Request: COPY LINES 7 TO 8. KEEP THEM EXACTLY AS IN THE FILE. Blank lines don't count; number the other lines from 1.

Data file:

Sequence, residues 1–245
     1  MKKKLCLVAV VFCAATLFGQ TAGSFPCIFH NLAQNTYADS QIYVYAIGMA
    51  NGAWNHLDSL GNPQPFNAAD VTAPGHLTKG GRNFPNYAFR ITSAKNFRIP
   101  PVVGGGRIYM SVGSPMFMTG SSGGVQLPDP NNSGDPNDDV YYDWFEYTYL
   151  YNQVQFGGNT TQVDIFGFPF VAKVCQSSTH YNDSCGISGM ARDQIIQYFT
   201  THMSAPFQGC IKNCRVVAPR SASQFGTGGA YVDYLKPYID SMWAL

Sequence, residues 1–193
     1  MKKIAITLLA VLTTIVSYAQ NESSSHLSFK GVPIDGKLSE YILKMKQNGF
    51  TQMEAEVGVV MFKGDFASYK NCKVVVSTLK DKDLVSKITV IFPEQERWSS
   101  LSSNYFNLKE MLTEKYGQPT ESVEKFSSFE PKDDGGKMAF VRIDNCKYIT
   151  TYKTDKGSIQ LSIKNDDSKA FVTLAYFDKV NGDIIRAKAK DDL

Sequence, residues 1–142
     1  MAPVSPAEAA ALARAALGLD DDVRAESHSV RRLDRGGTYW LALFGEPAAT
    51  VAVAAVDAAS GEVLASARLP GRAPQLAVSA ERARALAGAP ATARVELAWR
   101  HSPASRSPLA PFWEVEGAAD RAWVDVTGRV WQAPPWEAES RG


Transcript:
Sequence, residues 1–193
     1  MKKIAITLLA VLTTIVSYAQ NESSSHLSFK GVPIDGKLSE YILKMKQNGF